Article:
Training for an aspiring bushcraft professional?

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Putmeback

New Member
May 8, 2020
1
0
38
New Forest
Hi all

I've dabbled with a number of bushcraft topics for many years but my actual experience and knowledge is pretty superficial. However I would be interested in taking this a little further, maybe starting with some freelance 'teaching' for young people. I'm an ML and have worked in an outdoors centre for the past 3 years where I've taught basic flora identification, fire lighting and shelter building. All our training was in-house. My question is: is there a specific professional body that I should join and what courses should I be looking to complete?
many thanks!

thank
 

gra_farmer

Nomad
Mar 29, 2016
330
146
Kent
Woodlore do an instructor course, it's full on and hard going, the requirements is to complete a number of the entry level courses and work your way up to the instructor course.....and I would recommend doing that.

When I was doing the woodlore courses, I met a professional Russian ballet dancer, whom had broken most of the bones in his body for his art.

He wanted to change direction, and open the best bushcraft school in the world....his drive was in sane. To do this, he attended each of the famous bushcraft schools, and started at the bottom level of each and worked his way through every course, then went to the next school.

He started in Canada with Mors, and worked his way down through the USA, going to the likes of Dave Canterbury, and Joe Flowers, then over to Iceland, Finland and down to England to Woodlore, where I met him....then over to Europe, working north to South where possible.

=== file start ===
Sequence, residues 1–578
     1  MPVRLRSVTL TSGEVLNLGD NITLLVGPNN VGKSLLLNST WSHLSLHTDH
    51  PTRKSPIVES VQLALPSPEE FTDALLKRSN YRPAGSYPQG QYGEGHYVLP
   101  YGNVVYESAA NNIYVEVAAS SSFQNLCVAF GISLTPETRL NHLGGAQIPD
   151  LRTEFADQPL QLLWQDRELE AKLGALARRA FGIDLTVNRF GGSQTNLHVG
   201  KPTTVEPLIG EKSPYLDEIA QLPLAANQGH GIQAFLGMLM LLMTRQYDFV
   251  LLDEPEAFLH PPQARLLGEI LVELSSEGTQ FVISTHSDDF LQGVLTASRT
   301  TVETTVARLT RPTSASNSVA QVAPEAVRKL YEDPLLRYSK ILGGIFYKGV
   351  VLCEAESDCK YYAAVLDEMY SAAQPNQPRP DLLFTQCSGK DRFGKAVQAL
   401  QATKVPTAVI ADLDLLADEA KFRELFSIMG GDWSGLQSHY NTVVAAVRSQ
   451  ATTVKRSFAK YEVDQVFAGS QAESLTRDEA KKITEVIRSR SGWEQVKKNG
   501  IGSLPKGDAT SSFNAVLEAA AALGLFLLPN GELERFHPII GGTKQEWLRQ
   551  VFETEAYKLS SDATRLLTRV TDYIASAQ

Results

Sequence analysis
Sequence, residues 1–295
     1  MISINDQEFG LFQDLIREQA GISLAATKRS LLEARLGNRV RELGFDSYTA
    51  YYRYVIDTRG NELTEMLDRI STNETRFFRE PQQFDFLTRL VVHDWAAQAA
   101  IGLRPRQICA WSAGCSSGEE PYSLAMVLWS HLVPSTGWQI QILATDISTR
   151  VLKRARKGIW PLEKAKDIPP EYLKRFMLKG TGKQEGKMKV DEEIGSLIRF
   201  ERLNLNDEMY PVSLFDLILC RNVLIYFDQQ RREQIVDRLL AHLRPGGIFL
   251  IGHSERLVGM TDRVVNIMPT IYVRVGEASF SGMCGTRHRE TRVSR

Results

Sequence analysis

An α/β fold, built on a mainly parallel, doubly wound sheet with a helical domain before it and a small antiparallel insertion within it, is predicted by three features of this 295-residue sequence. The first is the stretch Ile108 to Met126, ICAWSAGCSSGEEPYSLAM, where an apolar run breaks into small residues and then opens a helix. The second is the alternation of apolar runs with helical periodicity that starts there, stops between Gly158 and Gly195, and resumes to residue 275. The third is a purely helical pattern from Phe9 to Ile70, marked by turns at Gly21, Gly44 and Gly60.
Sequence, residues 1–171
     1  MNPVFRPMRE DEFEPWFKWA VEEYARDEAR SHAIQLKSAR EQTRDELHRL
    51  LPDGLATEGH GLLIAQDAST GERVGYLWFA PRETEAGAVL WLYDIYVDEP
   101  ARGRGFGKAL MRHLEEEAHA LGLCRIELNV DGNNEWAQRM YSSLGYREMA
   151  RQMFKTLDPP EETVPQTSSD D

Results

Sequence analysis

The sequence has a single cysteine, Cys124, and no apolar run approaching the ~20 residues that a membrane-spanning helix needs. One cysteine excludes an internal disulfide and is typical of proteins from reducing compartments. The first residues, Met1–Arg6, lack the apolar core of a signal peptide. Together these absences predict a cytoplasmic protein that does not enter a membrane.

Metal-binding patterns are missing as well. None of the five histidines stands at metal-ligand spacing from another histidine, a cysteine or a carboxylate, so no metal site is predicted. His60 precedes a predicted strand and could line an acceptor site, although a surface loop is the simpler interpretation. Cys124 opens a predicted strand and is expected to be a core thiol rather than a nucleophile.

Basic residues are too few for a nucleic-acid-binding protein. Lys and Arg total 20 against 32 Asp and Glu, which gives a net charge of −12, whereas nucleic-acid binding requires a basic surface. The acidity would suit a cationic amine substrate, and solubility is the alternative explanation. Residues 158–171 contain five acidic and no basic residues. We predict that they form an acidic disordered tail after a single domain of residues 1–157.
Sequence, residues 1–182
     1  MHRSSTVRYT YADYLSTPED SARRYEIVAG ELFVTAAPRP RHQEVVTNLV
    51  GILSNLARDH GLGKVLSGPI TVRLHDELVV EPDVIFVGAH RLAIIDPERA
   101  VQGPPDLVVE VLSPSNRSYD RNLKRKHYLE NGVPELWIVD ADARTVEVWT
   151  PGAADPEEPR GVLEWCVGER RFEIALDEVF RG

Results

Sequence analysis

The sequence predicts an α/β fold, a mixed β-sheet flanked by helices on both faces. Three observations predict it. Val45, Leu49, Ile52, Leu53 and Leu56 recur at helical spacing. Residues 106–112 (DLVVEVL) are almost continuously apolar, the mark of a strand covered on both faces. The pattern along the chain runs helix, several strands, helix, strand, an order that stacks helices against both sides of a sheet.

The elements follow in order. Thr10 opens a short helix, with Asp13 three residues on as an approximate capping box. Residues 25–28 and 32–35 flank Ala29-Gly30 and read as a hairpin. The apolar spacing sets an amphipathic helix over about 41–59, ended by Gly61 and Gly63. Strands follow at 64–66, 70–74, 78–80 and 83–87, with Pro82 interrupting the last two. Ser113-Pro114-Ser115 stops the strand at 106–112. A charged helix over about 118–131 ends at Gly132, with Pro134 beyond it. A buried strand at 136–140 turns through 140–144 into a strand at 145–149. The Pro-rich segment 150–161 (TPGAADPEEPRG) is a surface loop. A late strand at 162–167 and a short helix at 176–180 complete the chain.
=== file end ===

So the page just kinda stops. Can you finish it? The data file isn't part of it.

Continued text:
I met him in 2013, so his school should be setup now....he was impressive

I would do woodlore courses, first, and see if you can find that guy. He would be in Russia.

Now for your in-house training while in lock down, get to grips with your plant identification first, I would study the national vegetation classification of the UK... NVC, I was lucky enough to be trained in botanical identification by the person that wrote the revision to the NVC, and call him a friend. Know your plants and you honestly cannot go wrong....honing axe and knife skills should come later.
 
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Broch

Full Member
Jan 18, 2009
3,368
2,560
Mid Wales
As gra_farmer has implied; it's a long hard road these days. Gone are the days when someone with a few years practicing from books will get away with opening a school - it will cost both time and money. For every day you spend on a course you will need to spend weeks of dirt-time. The route most seem to have taken is to start at a school and, if good enough, volunteer to help for a while then, if lucky, start instructing at that school and finally leave and open their own school.

If you are planning on this being a career I think you need to appreciate that it's a very competitive environment and that a lot of schools are struggling to keep their courses full and profitable - the costs (woodland, tools, materials, help, insurance …) can be quite high as well.

Having said all that, if it's your passion and you have the determination, have a go. I should point out that in one of my lives I advised small business in start-up and growth and a lot of my effort was making people consider reality before they wasted their savings :)
 
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gra_farmer

Nomad
Mar 29, 2016
330
146
Kent
As Broch, stated it is a long road, and will be a investment to skill development for the rest of your life.